ISSN 2686 - 9675 (Print)
ISSN 2782 - 1935 (Online)

Китайский «Один пояс, один путь» в арабских странах северной и восточной Африки

1. Beijing's Growing Presence and Influence in Africa

China's presence in Africa has been the topic of numerous discussions and forums of political scientists, economists and mili-tary experts from various countries for a number of years now. Re-cently, China's actions on the African continent have drawn particularly close attention in the geo-political arena.

The beginning of the development of modern relations between China and African countries can be considered April 1955, when the Conference of 29 countries of Asia and Africa was held in Ban-dung (Indonesia). During it, China’s Prime Minister Zhou Enlai met for the first time with the leaders of African states (Egypt, Ethiopia, Libya, Sudan, Libe-ria and Ghana). After the conference, China intensi-fied contacts with the countries of the continent, and on May 30, 1956, a joint communique was signed with Egypt on the establishment of diplo-matic relations, which became the first African and Arab country to establish diplomatic relations with China [6, p. 84-91].

China began to actively penetrate Africa in the late 1950s. For the first time, the special ser-vices of the Celestial Empire were no-ticed on this continent during the Franco-Algerian war. Since 1958, the People’s Republic of China (PRC) has been secretly helping the National Liberation Front of Algeria (Front de libe ration nationale / FLN). In March - April 1959, one of the leaders of the Chi-nese Communist Party (CCP), Liu Shaoqi, received the leaders of the Algerian rebels in Beijing, and China began to generously sponsor the FLN mem-bers with weapons and money. In October 1960, the PRC officially announced the provision of aid to Algeria, which gained independence from France in 1962 and in the 1960s, became China's main base for expanding its influence in Africa [8].

The further development of China's relations with the countries of the continent was impeded by the difficult international situation prevailing at that time, as well as the beginning of the "Cultural Revolution" in the PRC (1966-1976). China was in a state of confrontation with the Western countries (accordingly, it could not establish relations with African regimes loyal to them), but at the same time, relations with the Soviet Union (and, there-fore, with regimes loyal to it) also deteriorated sig-nificantly [6, p. 84-91].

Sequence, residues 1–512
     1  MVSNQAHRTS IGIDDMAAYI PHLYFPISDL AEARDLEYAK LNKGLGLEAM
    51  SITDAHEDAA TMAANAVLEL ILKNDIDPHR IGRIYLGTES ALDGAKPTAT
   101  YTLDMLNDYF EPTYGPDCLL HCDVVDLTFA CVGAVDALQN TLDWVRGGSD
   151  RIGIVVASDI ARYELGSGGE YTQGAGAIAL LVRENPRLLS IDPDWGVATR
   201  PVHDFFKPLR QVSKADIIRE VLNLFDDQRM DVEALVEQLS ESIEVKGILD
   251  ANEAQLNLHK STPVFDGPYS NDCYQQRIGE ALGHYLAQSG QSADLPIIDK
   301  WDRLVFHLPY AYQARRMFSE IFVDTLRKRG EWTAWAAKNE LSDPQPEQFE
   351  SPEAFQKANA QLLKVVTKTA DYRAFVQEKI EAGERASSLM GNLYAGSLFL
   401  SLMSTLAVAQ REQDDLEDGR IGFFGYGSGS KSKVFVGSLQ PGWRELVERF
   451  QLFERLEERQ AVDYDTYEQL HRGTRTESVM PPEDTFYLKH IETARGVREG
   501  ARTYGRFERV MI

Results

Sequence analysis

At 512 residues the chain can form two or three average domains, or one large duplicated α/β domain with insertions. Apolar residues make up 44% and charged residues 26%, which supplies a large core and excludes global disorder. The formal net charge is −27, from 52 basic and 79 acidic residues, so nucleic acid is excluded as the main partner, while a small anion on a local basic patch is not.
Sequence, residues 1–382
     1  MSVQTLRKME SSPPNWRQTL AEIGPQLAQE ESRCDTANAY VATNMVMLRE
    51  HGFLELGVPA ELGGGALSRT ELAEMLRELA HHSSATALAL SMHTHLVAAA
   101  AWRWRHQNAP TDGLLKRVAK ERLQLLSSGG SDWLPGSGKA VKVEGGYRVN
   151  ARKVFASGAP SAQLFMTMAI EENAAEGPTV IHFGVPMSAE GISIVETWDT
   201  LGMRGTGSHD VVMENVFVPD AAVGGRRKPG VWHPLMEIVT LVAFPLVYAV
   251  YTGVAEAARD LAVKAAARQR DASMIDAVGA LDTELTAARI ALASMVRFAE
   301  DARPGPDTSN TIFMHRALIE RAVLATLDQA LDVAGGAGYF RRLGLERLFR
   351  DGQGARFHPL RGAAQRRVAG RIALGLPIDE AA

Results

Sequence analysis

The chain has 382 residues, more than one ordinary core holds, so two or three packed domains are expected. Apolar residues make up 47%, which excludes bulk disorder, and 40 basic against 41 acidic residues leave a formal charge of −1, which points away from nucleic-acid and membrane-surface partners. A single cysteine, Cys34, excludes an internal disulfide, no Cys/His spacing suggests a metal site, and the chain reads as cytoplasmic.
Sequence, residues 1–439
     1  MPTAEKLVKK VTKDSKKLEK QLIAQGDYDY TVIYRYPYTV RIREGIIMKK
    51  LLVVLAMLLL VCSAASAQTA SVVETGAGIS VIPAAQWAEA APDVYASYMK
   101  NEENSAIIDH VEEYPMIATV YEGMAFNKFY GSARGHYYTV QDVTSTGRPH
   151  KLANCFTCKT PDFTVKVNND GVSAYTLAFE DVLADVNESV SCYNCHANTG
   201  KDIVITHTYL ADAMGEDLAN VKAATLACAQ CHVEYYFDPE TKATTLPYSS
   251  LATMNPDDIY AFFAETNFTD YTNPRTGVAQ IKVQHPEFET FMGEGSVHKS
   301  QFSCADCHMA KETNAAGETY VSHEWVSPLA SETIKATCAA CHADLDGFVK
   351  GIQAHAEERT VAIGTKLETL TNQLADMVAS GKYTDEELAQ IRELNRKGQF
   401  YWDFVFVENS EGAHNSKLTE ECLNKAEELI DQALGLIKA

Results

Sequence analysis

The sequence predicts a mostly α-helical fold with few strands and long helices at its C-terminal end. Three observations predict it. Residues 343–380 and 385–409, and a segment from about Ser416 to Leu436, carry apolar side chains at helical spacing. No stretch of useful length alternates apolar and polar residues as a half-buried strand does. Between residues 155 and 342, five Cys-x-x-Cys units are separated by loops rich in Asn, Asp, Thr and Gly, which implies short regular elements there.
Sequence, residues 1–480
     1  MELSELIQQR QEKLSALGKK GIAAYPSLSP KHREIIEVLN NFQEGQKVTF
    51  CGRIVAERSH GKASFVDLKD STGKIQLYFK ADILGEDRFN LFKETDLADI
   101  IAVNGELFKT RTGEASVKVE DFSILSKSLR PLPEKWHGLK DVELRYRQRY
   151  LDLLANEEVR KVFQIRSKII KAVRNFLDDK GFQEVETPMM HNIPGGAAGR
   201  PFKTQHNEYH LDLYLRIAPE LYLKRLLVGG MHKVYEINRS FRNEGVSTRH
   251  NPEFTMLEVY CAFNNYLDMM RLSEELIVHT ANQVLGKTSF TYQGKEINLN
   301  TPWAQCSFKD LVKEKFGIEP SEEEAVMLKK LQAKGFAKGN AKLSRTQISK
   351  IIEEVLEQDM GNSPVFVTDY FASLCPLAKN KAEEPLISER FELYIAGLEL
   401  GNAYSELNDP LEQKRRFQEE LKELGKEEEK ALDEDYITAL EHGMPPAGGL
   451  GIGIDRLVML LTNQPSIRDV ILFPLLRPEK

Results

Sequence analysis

Opening up and reform in 1979 was a water-shed in PRC’s foreign policy as well as Chinese his-tory. Beijing needed to adjust to its shift in econom-ic focus, and thus began to create a favorable inter-national environment for its domestic economic construction, which became the main goal of its for-eign policy. By then all African countries had gained their national independence and they were facing the same task of having to develop their economy [123, p. 26]. The absence of China's colonial past contributes to the deve-lopment of Sino-African re-lations, in which economic interests are given prior-ity. It is reflected in the postulate "prosperity first" or "first growth, then rights", which implies the ex-ercise of economic, social and cultural rights over civil-political rights [58, p. 133].

Over the past few years, China has gradually strengthened its economic presence in North Africa (NA) through trade, investment, and infrastructure projects. Beijing is intensifying its relations with the countries of the region on a bilateral, multilat-eral basis, in particular within the framework of the China-Arab States Cooperation Forum (CASCF) and Forum on China-Africa Cooperation (FOCAC) [98].

CASCF, established in 2004, is an official initi-ative between China and Arab League countries, which aims at dialogue, cooperation, peace and de-velopment [80]. China and the Arab countries have established a strategic partnership of all-round co-operation and joint development through the CASCF, which has become an important platform for collective dialogue and pragmatic cooperation between the two sides [67].

FOCAC was established in October 2000 at the first Ministerial Conference in Beijing as a mul-tilateral platform for exchange and cooperation between China and 53 out of 54 African countries that have formal diplomatic relationships with Chi-na [88, p. 5]. FOCAC, which meets every three years leading to a three-year action plan (overseen by a monitoring committee) bilaterally between China and African countries, provides an alternative to traditional deve-lopment assistance mechanisms and is part of the growing trend of South-South cooperation [108, p. 1; 37, p. 1]. The FOCAC part-nership has one pre-condition for cooperation with African countries - adherence to the principle of the "One China" policy, which implies the rejection of formal political relations or contacts with Taiwan as a sovereign state [72, p. 11]. The adoption of the “Beijing Consensus”1 by African leaders is driven by the attractiveness of Beijing's soft power: a long his-tory of friendly ties, the provision of valuable, “unconditional” financial and technical assistance to both elites and those most in need, and increased trade between the world's largest developing country and the continent with the most develop-ing countries [55, p. 2].

2 — 2022
Арутюнян Агавни Александровна, Отдел международных отношений Института Востоковедения Национальной Академии Наук Армении